• I ran my first ultramarathon when I was 31. It's not necessarily all downhill as soon as you leave your mid-20s.

  • Once you realize that the Earth was once ruled by The Great Old Ones, ancient beings from byond space and time who created human beings as a kind of joke, then you begin to understand that humanity's place in the cosmos is so ridiculously small that worrying about lack of success is absurd.
    So, now the universe doesn't seem so bad, does it?
    Cthulu fhtagn and all that…

  • My wife (25) just realized this, as she is writing here statement of purpose for her application to return to college. I (33) wrote a similar document a few months ago for grad school. When we were young and dumb, the world was our oyster and writing gushy essays about how we were going to use our limitless potential to better the community of XXX University seemed natural. Now we're both returning to school in order to grasp at staying employed so the baby has something more to eat than dog food.

  • c u n d gulag says:

    Sometimes, it's not what you know, or how skilled you are – it's also being in the right place at the right time, and/or who you know, in order to "break through."

    In sports, there are visible metrics of measurement:
    Are you fast enough, strong enough, big enough, quick enough, smart enough, etc, for your sport?
    If you are, then you get paid handsomely for those skills when you make it to the highest level.
    If not, you spend time in the minors trying to hone those things, or learn how to compensate and see if you can overcome those things that you're not that good at, and make professionally by being what people describe as "a grinder," "a gutsy-player," or, a "scrappy" one.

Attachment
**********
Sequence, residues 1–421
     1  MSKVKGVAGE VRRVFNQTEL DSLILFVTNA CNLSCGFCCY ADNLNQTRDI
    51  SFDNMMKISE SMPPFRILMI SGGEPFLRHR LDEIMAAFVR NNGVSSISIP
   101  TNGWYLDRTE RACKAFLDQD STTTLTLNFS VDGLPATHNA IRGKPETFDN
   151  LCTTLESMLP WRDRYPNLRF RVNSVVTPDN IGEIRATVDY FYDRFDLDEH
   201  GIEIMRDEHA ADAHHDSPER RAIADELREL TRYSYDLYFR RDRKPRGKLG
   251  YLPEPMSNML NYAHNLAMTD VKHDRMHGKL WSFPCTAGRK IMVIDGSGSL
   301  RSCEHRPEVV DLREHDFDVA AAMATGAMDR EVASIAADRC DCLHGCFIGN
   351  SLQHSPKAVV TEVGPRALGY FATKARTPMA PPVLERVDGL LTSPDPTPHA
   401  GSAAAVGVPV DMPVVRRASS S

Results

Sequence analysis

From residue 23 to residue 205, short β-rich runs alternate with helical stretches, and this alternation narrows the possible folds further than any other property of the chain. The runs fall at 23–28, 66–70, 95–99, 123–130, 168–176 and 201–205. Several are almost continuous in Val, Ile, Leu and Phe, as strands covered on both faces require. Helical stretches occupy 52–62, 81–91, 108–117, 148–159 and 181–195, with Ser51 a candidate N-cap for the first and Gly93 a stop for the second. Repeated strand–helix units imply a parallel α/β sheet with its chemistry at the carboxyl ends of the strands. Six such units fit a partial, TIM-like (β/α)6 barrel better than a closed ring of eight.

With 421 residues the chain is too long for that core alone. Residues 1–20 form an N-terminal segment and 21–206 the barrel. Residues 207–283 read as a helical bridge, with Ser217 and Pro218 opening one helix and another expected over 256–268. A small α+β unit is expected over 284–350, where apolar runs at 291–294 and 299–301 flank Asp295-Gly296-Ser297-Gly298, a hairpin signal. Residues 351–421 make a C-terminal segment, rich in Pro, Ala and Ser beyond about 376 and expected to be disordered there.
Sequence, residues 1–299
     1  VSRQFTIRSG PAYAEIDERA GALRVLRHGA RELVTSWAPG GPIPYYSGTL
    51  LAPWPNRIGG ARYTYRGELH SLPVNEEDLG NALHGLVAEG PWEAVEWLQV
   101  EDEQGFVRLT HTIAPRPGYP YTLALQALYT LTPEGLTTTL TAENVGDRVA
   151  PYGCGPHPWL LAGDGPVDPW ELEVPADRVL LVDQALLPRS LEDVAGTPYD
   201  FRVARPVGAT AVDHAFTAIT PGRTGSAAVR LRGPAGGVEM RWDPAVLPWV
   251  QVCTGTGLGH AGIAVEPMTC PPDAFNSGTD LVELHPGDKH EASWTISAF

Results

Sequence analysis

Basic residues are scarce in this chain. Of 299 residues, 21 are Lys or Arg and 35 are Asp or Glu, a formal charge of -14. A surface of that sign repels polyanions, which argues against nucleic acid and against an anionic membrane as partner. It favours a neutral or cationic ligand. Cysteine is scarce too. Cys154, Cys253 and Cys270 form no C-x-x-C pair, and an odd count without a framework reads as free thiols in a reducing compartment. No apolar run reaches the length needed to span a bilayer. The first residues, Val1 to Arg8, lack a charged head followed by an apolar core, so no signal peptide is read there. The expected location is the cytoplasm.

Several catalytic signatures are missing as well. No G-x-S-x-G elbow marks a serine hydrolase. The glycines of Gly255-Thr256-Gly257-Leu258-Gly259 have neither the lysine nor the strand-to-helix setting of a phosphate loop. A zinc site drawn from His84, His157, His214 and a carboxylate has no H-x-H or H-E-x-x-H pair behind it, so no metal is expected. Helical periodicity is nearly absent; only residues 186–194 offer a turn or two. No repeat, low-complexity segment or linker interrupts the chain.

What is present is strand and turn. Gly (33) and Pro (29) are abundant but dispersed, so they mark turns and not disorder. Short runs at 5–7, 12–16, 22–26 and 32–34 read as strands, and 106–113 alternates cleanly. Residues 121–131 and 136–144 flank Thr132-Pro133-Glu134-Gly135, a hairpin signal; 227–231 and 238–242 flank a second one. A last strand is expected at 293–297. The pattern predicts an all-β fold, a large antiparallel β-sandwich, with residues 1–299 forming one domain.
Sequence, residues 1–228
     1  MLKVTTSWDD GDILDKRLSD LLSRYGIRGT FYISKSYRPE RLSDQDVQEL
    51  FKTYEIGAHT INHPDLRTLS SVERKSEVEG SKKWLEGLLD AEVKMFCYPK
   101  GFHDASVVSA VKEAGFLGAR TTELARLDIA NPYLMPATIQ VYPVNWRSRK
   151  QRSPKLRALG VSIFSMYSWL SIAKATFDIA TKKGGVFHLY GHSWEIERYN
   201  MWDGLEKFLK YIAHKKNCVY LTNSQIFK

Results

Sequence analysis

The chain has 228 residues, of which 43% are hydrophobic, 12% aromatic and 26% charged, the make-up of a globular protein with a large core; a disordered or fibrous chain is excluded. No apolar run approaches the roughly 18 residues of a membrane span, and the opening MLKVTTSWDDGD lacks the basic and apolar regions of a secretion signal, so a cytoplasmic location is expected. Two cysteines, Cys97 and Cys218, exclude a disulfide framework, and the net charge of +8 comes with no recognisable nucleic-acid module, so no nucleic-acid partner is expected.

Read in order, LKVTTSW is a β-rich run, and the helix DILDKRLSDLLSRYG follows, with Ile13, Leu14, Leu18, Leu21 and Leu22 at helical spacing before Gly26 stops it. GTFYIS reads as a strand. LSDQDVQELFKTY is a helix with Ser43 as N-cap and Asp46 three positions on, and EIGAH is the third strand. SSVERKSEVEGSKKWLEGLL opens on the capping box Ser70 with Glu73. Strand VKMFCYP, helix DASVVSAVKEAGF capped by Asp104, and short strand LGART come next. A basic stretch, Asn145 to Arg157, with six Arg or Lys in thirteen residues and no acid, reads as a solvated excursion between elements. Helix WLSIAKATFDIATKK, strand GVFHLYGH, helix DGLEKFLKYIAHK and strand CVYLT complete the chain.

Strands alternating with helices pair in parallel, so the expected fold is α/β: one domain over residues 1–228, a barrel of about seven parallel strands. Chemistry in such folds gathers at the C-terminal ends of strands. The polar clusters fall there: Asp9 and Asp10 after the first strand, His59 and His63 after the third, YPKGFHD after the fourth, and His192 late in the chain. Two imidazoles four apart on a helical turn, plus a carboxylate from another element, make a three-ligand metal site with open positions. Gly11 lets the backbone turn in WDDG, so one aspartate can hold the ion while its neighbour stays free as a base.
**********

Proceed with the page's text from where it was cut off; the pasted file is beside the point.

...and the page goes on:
In some fields, like the arts, the metrics of measurement are not as visible.
    I studied acting for years, and did very well locally – but I couldn't break through into Broadway or movies or TV.
    Now, it may very well be true that I wasn't good enough – but when I look at the actors who've made it, there are a lot I feel I'm better than. But there's no metric to measure that with – except that they made it, and I didn't.

    But it is true that people in the arts, like acting, or writing, or music, or any other type of art, are more than good enough to "make it" – but weren't in the right place at the right time, or knew the right someone who could get them into a position where they could prove themselves.

    So, in the arts, people keep sending drafts of their novels to publishers, folks keep trying to form new bands, or acting in local productions, 'Waiting for Guffman," and hoping that something will break for them.

    At some point in my mid-to-late 30's, I realized I wasn't going to be a star on Broadway, or TV, or the movies, but I kept doing my local productions for good reasons – the love of theatre, and of working and performing with like-minded people.

    Sure, you realize that you don't have the money or the fame if those who "made it," but you found that if you do things just for the love of doing what you love, that makes-up for a lot of the lack of material comfort and public acclaim.
    Sadly, now, I can't even act in local theatrical productions, since my physical disablities haven't allowed me to perform on stage for years.
    Well, at least I have some terrific memories.